• B29C35/0227Heating or curing, e.g. crosslinking or vulcanizing during moulding, e.g. in a mould using pressure vessels, e.g. autoclaves, vulcanising pans
    • BPERFORMING OPERATIONS; TRANSPORTING
    • B29WORKING OF PLASTICS; WORKING OF SUBSTANCES IN A PLASTIC STATE IN GENERAL
    • B29CSHAPING OR JOINING OF PLASTICS; SHAPING OF MATERIAL IN A PLASTIC STATE, NOT OTHERWISE PROVIDED FOR; AFTER-TREATMENT OF THE SHAPED PRODUCTS, e.g. REPAIRING
    • B29C37/00Component parts, details, accessories or auxiliary operations, not covered by group B29C33/00 or B29C35/00
    • B29C37/0053Moulding articles characterised by the shape of the surface, e.g. ribs, high polish
    • BPERFORMING OPERATIONS; TRANSPORTING
    • B29WORKING OF PLASTICS; WORKING OF SUBSTANCES IN A PLASTIC STATE IN GENERAL
    • B29KINDEXING SCHEME ASSOCIATED WITH SUBCLASSES B29B, B29C OR B29D, RELATING TO MOULDING MATERIALS OR TO MATERIALS FOR MOULDS, REINFORCEMENTS, FILLERS OR PREFORMED PARTS, e.g. INSERTS
    • B29K2105/00Condition, form or state of moulded material or of the material to be shaped
    • B29K2105/06Condition, form or state of moulded material or of the material to be shaped containing reinforcements, fillers or inserts
    • B29K2105/20Inserts
    • BPERFORMING OPERATIONS; TRANSPORTING
    • B29WORKING OF PLASTICS; WORKING OF SUBSTANCES IN A PLASTIC STATE IN GENERAL
    • B29KINDEXING SCHEME ASSOCIATED WITH SUBCLASSES B29B, B29C OR B29D, RELATING TO MOULDING MATERIALS OR TO MATERIALS FOR MOULDS, REINFORCEMENTS, FILLERS OR PREFORMED PARTS, e.g. INSERTS
    • B29K2105/00Condition, form or state of moulded material or of the material to be shaped
    • B29K2105/24Condition, form or state of moulded material or of the material to be shaped crosslinked or vulcanised
    • BPERFORMING OPERATIONS; TRANSPORTING
    • B29WORKING OF PLASTICS; WORKING OF SUBSTANCES IN A PLASTIC STATE IN GENERAL
    • B29KINDEXING SCHEME ASSOCIATED WITH SUBCLASSES B29B, B29C OR B29D, RELATING TO MOULDING MATERIALS OR TO MATERIALS FOR MOULDS, REINFORCEMENTS, FILLERS OR PREFORMED PARTS, e.g. INSERTS
    • B29K2105/00Condition, form or state of moulded material or of the material to be shaped
    • B29K2105/24Condition, form or state of moulded material or of the material to be shaped crosslinked or vulcanised
    • B29K2105/243Partially cured
    • BPERFORMING OPERATIONS; TRANSPORTING
    • B29WORKING OF PLASTICS; WORKING OF SUBSTANCES IN A PLASTIC STATE IN GENERAL
    • B29LINDEXING SCHEME ASSOCIATED WITH SUBCLASS B29C, RELATING TO PARTICULAR ARTICLES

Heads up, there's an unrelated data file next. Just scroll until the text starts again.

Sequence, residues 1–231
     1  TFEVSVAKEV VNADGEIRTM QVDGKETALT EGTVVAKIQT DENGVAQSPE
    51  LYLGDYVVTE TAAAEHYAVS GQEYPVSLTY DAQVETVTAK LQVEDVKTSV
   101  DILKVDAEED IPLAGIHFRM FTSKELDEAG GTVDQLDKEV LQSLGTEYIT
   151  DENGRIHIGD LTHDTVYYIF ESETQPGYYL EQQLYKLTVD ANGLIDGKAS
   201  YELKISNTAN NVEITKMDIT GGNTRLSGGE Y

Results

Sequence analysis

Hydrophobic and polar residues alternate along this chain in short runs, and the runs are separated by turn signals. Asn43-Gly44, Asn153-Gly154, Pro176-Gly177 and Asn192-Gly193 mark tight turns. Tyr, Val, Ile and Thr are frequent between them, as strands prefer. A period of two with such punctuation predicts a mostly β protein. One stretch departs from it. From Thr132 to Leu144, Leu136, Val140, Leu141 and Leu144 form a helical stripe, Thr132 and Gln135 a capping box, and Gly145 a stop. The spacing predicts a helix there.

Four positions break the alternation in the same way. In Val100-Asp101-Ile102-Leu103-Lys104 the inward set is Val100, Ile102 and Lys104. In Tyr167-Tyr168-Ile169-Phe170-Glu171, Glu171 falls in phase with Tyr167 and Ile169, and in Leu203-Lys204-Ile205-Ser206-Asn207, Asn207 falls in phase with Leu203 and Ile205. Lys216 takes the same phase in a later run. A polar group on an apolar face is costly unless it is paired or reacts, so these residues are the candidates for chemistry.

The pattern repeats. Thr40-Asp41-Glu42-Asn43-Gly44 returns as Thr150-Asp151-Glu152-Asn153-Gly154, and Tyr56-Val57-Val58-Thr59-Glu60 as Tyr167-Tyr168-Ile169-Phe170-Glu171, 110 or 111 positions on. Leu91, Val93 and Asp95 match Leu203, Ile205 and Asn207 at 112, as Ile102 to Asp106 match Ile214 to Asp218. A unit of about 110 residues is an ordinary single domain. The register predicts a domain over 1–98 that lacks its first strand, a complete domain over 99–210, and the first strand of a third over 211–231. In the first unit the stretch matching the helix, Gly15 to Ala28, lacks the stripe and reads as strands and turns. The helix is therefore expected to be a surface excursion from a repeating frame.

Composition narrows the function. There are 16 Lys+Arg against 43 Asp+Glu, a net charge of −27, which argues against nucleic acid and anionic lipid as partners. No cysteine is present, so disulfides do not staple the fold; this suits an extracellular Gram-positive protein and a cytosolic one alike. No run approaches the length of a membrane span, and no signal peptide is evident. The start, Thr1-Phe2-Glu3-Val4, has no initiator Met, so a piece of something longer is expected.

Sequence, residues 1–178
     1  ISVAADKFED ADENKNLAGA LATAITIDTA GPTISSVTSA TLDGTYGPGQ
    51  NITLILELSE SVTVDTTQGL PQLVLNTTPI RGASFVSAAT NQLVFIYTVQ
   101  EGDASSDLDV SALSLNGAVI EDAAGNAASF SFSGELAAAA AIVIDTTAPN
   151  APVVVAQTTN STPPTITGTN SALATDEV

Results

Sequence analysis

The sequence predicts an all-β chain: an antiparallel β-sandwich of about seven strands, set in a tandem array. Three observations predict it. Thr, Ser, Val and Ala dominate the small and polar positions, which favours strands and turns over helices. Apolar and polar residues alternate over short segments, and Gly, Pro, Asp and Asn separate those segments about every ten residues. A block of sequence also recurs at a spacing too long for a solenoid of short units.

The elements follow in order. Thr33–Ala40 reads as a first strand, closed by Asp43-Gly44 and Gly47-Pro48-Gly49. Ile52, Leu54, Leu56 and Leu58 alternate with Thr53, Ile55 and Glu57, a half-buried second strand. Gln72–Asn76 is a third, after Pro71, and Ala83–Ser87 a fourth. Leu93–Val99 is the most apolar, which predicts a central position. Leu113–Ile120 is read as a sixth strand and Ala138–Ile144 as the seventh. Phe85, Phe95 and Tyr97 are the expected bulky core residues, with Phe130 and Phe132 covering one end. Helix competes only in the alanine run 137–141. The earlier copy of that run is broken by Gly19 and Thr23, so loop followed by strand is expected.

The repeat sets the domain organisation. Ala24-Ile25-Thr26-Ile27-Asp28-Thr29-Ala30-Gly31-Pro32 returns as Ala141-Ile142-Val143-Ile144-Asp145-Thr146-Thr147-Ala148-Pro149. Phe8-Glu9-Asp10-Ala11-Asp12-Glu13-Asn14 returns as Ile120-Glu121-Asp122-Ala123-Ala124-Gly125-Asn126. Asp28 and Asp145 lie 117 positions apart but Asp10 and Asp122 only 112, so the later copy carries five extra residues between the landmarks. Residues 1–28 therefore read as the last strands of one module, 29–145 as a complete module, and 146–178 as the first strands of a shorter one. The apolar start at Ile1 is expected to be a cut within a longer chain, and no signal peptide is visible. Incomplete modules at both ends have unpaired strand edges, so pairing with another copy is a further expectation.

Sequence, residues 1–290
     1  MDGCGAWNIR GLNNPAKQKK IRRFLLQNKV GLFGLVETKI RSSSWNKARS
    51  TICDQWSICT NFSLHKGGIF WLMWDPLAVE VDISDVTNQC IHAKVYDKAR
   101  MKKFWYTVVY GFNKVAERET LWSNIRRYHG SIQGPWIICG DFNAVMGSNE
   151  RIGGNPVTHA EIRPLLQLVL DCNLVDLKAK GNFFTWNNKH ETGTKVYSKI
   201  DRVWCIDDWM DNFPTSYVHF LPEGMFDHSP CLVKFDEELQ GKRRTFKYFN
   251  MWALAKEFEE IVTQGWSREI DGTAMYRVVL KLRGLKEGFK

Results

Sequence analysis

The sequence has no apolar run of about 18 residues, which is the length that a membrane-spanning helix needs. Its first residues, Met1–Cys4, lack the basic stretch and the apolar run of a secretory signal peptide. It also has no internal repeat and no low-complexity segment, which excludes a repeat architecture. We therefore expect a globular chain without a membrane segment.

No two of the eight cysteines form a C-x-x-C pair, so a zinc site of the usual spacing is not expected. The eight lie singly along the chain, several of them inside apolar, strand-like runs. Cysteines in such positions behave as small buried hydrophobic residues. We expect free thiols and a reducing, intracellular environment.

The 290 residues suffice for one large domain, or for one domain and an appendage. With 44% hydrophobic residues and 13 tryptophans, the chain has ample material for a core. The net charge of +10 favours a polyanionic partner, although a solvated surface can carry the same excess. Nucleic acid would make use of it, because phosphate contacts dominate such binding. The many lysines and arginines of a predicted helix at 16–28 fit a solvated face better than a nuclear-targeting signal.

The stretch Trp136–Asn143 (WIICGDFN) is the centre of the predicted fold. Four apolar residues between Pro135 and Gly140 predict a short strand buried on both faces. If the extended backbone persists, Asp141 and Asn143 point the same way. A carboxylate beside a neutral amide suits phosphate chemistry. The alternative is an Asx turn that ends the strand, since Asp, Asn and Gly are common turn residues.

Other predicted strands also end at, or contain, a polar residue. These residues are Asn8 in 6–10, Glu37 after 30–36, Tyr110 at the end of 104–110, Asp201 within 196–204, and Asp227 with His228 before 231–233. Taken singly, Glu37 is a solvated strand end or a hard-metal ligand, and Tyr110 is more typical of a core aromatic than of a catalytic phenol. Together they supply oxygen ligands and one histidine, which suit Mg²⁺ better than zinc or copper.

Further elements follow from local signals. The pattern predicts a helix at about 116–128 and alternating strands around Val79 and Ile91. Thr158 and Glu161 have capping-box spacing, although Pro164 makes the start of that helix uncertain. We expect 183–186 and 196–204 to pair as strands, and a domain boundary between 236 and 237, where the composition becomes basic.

• B29L2031/00Other particular articles
    • B29L2031/54Balls
    • BPERFORMING OPERATIONS; TRANSPORTING
    • B29WORKING OF PLASTICS; WORKING OF SUBSTANCES IN A PLASTIC STATE IN GENERAL
    • B29LINDEXING SCHEME ASSOCIATED WITH SUBCLASS B29C, RELATING TO PARTICULAR ARTICLES
    • B29L2031/00Other particular articles
    • B29L2031/54Balls
    • B29L2031/545Football balls
    • YGENERAL TAGGING OF NEW TECHNOLOGICAL DEVELOPMENTS; GENERAL TAGGING OF CROSS-SECTIONAL TECHNOLOGIES SPANNING OVER SEVERAL SECTIONS OF THE IPC; TECHNICAL SUBJECTS COVERED BY FORMER USPC CROSS-REFERENCE ART COLLECTIONS [XRACs] AND DIGESTS
    • Y10TECHNICAL SUBJECTS COVERED BY FORMER USPC
    • Y10STECHNICAL SUBJECTS COVERED BY FORMER USPC CROSS-REFERENCE ART COLLECTIONS [XRACs] AND DIGESTS
    • Y10S273/00Amusement devices: games
    • Y10S273/08Urethane

Abstract

A polyurethane covered golf ball is made by allowing the polyurethane cover stock material to partially cure in an open mold and subsequently molding a golf ball product. The molding is done by first molding a smooth-surfaced golf ball product in a smooth-walled fixed-pin mold and then, in a second molding step, using a compression mold to impart dimples onto the smooth-surfaced golf ball product. Between the two molding steps an intermediate curing step is employed. The initial curing time is an open mold and the intermediate curing time between the two molding steps is minimized through the use of a sufficient amount of catalyst, by keeping the smooth mold at an elevated temperature, or by using the fast-reacting chemical components.

Description

BACKGROUND OF THE INVENTION

1. Field of Invention

This invention relates to golf balls and, more particularly, to golf balls having covers made of polyurethane.

2. Discussion of Prior Art

Conventionally, golf ball covers are formed about cores in a one-step molding process by either compression molding or injection molding in which cover stock is molded about a core. The core is either wound or solid. Solid cores are generally made from a homogeneous mass of material, while wound cores are made by winding elastic thread about a center. The center is typically either a small balloon filled with liquid or a solid mass of material.

In compression molding, a core is placed between two relatively smooth, preformed half-shells made from a cover stock and then placed into a compression mold. A compression mold generally comprises two mold plates, each of which houses a plurality of mold cups. Each mold cup has a negative dimple pattern which is embossed into the cover half-shells by closing the mold and subjecting the core and cover stock to heat and pressure. The heat and pressure cause the preformed cover half-shells to soften and flow about the core to pick up the dimple pattern of the mold cups.

With injection molding, cores are placed in a mold in which the mold cups are typically equipped with retractable pins. The pins ensure correct positioning of the core in the cup. Once the core is correctly positioned in the closed mold, cover stock is injected into the mold cups and flows about the core. The cover stock picks up the dimple pattern of the mold cups. Once the mold cups are filled with cover stock, the pins are retracted while the cover stock is still at least semi-flowable, allowing the cover stock to close the pinholes. Retractable-pin molds are expensive, difficult to operate, often result in surface defects, and limit the number of compositions which can be used as cover stock.